On the issue of transportation, this is also an important variant when it comes to greening. There’s no doubt in Europe that the use of public transportation or encouragement of biking as a mode of transport is easier than in the U.S or in the Middle East. However, hospital vehicles can also use alternative energy such as electricity or hydrogen.

Healthy food for patients and staff in addition to consumption of local, organic and sustainable food is expected in a green hospital according to Diwani.

Management of water resources and the management of waste can be illustrated by recycling, reusing, conserving and composting programs.

PATIENTS, STAFF AND LOCAL POPULATIONS

“Patients in green hospitals have greater emotional well-being, require less pain medications and other drugs and have shorter hospital stays,” Fedrizzi as noted in the California for Green solutions website said.

The medical staff is then also working in a healthier environment on a daily basis. Usually exposed to stress, long working hours and diseases, working in a green building reduces absenteeism and increases productivity, according to a 2009 University of San Diego and CB Richard Ellis study.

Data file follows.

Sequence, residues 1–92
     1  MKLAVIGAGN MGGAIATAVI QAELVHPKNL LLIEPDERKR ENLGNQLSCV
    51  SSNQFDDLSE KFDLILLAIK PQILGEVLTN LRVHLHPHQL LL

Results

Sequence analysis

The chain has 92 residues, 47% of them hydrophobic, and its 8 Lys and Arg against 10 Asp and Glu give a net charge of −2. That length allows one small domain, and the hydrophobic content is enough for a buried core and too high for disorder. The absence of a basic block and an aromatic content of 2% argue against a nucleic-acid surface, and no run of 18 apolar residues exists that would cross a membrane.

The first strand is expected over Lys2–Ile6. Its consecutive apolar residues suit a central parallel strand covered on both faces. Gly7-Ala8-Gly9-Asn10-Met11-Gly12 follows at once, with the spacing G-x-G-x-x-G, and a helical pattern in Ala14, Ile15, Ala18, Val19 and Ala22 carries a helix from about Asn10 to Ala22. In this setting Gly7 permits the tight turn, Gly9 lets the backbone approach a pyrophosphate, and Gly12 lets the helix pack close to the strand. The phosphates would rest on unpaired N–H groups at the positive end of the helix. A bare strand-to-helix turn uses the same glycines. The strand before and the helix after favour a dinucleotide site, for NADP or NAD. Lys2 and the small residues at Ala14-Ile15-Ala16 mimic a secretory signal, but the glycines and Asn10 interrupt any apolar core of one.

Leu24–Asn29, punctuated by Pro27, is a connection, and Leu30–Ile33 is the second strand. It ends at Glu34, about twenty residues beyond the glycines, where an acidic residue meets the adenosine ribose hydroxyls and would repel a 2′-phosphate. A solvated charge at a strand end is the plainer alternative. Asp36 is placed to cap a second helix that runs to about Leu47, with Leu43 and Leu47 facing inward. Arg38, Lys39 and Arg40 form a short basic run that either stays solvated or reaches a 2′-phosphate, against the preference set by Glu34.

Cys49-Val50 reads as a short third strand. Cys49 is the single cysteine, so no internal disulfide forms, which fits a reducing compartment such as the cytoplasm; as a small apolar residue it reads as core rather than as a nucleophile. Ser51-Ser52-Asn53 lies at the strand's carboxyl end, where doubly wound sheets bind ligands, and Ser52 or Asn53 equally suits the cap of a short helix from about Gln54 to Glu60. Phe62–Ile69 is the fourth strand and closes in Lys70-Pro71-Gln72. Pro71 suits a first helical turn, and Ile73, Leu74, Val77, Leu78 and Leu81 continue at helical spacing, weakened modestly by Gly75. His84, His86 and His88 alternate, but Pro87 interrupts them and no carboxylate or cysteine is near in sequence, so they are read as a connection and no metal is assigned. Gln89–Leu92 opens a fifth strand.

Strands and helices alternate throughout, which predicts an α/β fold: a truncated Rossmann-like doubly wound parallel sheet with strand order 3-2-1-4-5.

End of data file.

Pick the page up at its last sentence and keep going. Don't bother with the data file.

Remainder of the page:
Moreover, by buying local products such as food, hospital and building materials to decrease CO2 emissions from transportation services; green hospitals privileged national market and local suppliers.

STANDARDS AND CERTIFICATION

The U.S Green Building Council’s website stated that the Leadership in Energy and Environmental Design rating system is a voluntary, consensus-based standard used to support and certify successful green building design, construction and operations. LEED provides a nationally recognized certification system to promote integrated, whole-building design practices in the building industry. According to their commitment to going green, hospitals can reach different levels of certification – platinum, silver and gold. Only four hospitals have attained the gold level so far.

SUSTAINABILITY AROUND THE GLOBE

University Medical Center Hamburg-Eppendorf, Hamburg, Germany

University Medical Center Hamburg-Eppendorf works on hospital eco-footprint by providing an eco-friendly and sustainable environment to patients and staff. Among others, University Medical Center Hamburg-Eppendorf does not use air conditioning but installs large windows in a patients’ room which can be opened widely if desired. The hospital also has been awarded the 2009 Caterer of the Year award. On alternative energy uses, Medical Center Hamburg-Eppendorf is emission free inside and outside. The Medical Center uses H2 energy storage and electric motors for the property according to Goyen.

King Faisal Specialist Hospital, Jeddah, Saudi Arabia